City of San Francisco and its Vicinity California.
1859 (dated) 24 x 35 in (60.96 x 88.9 cm)
A rare coastal chart of San Francisco by the U. S. Coast Survey, 1859. Oriented to the west, this map depicts the immediate city of San Francisco and surrounding areas as far as the Mission de Dolores and Rancho San Miguel. The chart was issued about ten years following the population explosion brought on by the 1849 gold Rush. Depicts the city extending only about eleven city blocks from the waterfront. Labels piers, wharfs, parks and roads as well as indicating important individual buildings such as the City Hall, the Post Office, hospitals, and churches. The Bay features detailed depth soundings. Text on public buildings, reservoirs, sailing notes, shoals, and tidal notations are included on the top left and lower right hand corners of the map.
The work of the coast survey around the city of San Francisco was completed in 1852 and first known U.S. C. S. plan of the city and its immediate vicinity was published in the same year. Rumsey suggests that the actual city plan was taken from an earlier map produced Cook and Le Count, and Vogdes suggests that the interior topography is drawn from the Eddy's official map of San Francisco. This first Coast Survey Chart of San Francisco was oriented to the north and covered a considerably small area than the map offered here. The above chart was issued in 1857 to replace the 1853 chart and account for the rapid urbanization of the San Francisco vicinity. Although much of the actual topography is based on the original 1853 map, there are a number of important updates and expansions, especially in the extreme eastern and southern quadrants. The notation of the Union Race Course, the Pioneer Race Course, the Road to San Jose, and the Rancho de San Miguel are but a few such additions. Furthermore, this map also features the addition of a 'Table of References' to the right of the main map. This numbered table identifies a number of important buildings throughout the city including churches, theaters, hotels, fire houses, hospitals and government buildings.
The trigonometrical survey for this map was prepared by R. D. Cutts. The topography was accomplished by A. F. Rodgers and the hydrography by R. M Cuyler. Engraved by Julius Bien. All work was produced under the supervision of A. D. Bache, one of the most influential superintendents in the history of the U.S. Coast Survey.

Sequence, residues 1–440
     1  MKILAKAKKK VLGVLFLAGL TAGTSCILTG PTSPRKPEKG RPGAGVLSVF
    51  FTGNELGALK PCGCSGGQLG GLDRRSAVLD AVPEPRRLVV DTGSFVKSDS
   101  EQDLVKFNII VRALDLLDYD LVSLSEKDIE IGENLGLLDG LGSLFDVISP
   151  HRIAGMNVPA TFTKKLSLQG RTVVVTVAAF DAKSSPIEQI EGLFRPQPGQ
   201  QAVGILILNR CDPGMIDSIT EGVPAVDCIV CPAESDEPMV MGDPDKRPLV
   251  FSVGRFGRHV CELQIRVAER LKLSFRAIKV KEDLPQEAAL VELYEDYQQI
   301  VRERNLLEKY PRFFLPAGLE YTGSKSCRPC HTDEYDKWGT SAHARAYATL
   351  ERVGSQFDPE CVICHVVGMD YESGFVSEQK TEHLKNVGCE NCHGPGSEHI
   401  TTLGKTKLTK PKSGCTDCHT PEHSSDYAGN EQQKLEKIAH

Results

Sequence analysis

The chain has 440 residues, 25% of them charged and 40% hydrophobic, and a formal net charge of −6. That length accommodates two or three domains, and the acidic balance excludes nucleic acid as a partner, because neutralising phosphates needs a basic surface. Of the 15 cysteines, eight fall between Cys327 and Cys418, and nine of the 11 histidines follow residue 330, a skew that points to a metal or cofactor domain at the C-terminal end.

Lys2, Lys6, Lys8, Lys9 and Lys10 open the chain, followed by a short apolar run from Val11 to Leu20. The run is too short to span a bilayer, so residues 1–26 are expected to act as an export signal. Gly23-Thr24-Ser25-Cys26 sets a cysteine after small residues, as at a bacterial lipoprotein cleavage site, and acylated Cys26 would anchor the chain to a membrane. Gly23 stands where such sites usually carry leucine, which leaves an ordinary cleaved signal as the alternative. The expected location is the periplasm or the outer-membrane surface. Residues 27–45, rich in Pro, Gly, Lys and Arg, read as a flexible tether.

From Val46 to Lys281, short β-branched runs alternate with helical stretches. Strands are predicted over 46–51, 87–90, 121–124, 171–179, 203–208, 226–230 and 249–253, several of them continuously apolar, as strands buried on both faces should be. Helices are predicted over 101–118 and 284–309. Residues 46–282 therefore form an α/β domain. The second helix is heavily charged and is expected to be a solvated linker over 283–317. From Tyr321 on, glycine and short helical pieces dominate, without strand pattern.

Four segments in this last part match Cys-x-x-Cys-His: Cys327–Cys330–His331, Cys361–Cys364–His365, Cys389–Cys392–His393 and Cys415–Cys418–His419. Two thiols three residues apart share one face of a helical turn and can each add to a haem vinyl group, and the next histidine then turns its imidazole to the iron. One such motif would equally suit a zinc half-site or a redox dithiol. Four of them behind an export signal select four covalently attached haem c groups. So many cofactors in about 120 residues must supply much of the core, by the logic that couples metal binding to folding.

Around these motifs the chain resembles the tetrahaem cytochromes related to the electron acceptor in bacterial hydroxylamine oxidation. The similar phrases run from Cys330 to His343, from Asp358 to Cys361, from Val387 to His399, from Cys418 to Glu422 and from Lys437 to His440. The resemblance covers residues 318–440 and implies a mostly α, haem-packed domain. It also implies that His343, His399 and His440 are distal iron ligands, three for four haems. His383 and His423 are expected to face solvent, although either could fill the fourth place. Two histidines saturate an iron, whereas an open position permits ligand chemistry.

The Office of the Coast Survey (1807 - present) founded in 1807 by President Thomas Jefferson and Secretary of Commerce Albert Gallatin, is the oldest scientific organization in the U.S. Federal Government. Jefferson created the "Survey of the Coast," as it was then called, in response to a need for accurate navigational charts of the new nation's coasts and harbors. The spirit of the Coast Survey was defined by its first two superintendents. The first superintendent of the Coast Survey was Swiss immigrant and West Point mathematics professor Ferdinand Hassler. Under the direction of Hassler, from 1816 to 1843, the ideological and scientific foundations for the Coast Survey were established. These included using the most advanced techniques and most sophisticated equipment as well as an unstinting attention to detail. Hassler devised a labor intensive triangulation system whereby the entire coast was divided into a series of enormous triangles. These were in turn subdivided into smaller triangulation units that were then individually surveyed. Employing this exacting technique on such a massive scale had never before been attempted. Consequently, Hassler and the Coast Survey under him developed a reputation for uncompromising dedication to the principles of accuracy and excellence. Unfortunately, despite being a masterful surveyor, Hassler was abrasive and politically unpopular, twice losing congressional funding for the Coast Survey. Nonetheless, Hassler led the Coast Survey until his death in 1843, at which time Alexander Dallas Bache, a great-grandson of Benjamin Franklin, took the helm. Bache was fully dedicated to the principles established by Hassler, but proved more politically astute and successfully lobbied Congress to liberally fund the endeavor. Under the leadership of A. D. Bache, the Coast Survey completed its most important work. Moreover, during his long tenure with the Coast Survey, from 1843 to 1865, Bache was a steadfast advocate of American science and navigation and in fact founded the American Academy of Sciences. Bache was succeeded by Benjamin Pierce who ran the Survey from 1867 to 1874. Pierce was in turn succeeded by Carlile Pollock Patterson who was Superintendent from 1874 to 1881. In 1878, under Patterson's superintendence, the U.S. Coast Survey was reorganized as the U.S. Coast and Geodetic Survey (C & GS) to accommodate topographic as well as nautical surveys. Today the Coast Survey is part of the National Oceanic and Atmospheric Administration or NOAA as the National Geodetic Survey.
Report of the Superintendant of the United States Coast Survey, Washington, (1859 edition).
Very good condition. Minor toning, wear, and verso reinforcement along original fold lines. Left Margin extended. Blank on verso. Paper brittle.
Vogdes p. 254. Rumsey 1030.000. Guthorn, P. J. United States Coastal Charts 1783 - 1861, p. 194.